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Japan 12, Puerto Rico 2 (5 Innings)

August 27, 1999

WILLIAMSPORT, Pa. (AP) _ Japan will have a shot at redemption in the Little League World Series.

The team from Osaka defeated poor-fielding Yabucoa, Puerto Rico 12-2 Thursday to advance to Saturday’s championship game.

Toms River, N.J.’s game with Phenix City, Ala., in the U.S. final was suspended in the top of the second inning because of rain with Toms River leading 2-0. It will resume at 11 a.m. EDT Friday with Toms River’s Chris Cunningham on first base, no outs and Bryan Woodall having come in to replace Colby Rasmus at pitcher for Phenix City.

Eric Campesi walked to start the game, took two bases on wild pitches and then scored on Casey Gaynor’s grounder, and Derrick Egan later scored on Mike Casale’s grounder. In the next half-inning, Toms River manager Mike Gaynor started Zack Del Vento but pulled him after a walk and replaced him with Casey Gaynor, his son, who then struck out the side.

Japan has a team in the final for the second consecutive year. Kashima lost 12-9 to Toms River last year in a game with 11 home runs.

Osaka’s players avenged a 3-1 loss to Yabucoa on Tuesday mostly by hitting singles and taking extra bases when Yabucoa’s fielders faltered.

``Our pitching was what got us here, and that broke down a bit, and our defense definitely broke down,″ Yabucoa manager Edwin Carrasquillo said through intepreter Micah Hughes.

Sho Nishida ended the game when a two-run single in the bottom of the fifth gave Osaka a 12-2 lead. Little League games end when the margin reaches 10 runs. Relief pitcher Kazutoshi Adachi left because of stomach pains in the fourth inning.

With two outs in the first, shortstop Josue Rivera let Sho Nishida’s grounder skip over his glove. Two batters later, Kazutoshi Adachi drove home Kazuki Sumiyama with a single to kick off an seven-run inning off losing pitcher Cristian Gonzalez and Francisco DeJesus.

All the runs were unearned, and Puerto Rico’s outfielders consistently missed their cutoff men and threw wildly.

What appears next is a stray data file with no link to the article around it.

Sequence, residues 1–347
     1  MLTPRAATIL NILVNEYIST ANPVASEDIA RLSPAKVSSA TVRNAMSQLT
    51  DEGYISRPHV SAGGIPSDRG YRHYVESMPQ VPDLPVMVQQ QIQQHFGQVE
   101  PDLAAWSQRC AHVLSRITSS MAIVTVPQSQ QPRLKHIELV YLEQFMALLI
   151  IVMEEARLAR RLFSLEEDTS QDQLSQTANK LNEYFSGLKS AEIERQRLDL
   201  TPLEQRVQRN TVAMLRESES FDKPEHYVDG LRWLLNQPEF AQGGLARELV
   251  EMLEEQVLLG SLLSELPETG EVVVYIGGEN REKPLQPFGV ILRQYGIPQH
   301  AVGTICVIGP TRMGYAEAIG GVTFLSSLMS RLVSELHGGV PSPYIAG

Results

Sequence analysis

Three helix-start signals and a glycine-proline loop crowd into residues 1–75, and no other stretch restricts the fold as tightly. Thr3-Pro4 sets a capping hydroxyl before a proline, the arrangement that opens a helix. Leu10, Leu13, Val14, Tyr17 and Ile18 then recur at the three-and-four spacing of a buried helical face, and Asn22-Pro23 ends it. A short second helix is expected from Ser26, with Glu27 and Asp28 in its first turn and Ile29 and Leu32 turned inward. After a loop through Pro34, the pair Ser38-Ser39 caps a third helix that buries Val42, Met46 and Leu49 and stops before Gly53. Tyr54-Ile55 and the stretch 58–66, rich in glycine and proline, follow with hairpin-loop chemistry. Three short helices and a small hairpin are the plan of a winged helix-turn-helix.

With the large lead, starting pitcher and staff ace Sumiyama was replaced, keeping him eligible for Saturday’s championship. He had a two-run homer in the third off Jose Casanova, the last of four Puerto Rico pitchers.

``I am excited about pitching in the Little League final, and I hope someday to pitch for the Hanshin Tigers,″ a professional team in Osaka, Sumiyama said through interpreter Bill Lundy.

Manager Tsutomu Kameyama said he couldn’t get comfortable even with the lead.

``With kids, you never know what is going to happen,″ Kameyama, a former player for the Hanshin Tigers, said through the interpreter. ``Maybe if I was up by 100 runs, well, then I would feel comfortable.″

The series’ smallest player _ 4-foot-7, 74-pound Takashi Sakurai _ had a pinch-hit bunt for a base hit in the first and jumped around like a sweepstakes winner afterward.

Many of Puerto Rico’s players weigh twice as much as Sakurai, but he scooped up grounders at second base smoothly with his reddish glove in the most action he has seen yet in the series, five innings. After the game, he tapped his microphone like a pro to make sure it worked during a news conference.

Gonzalez hit a two-run homer in the third for Yabucoa, Puerto Rico’s first team in the series in 20 years.

Japanese teams won the series in 1967, 1968 and 1976.

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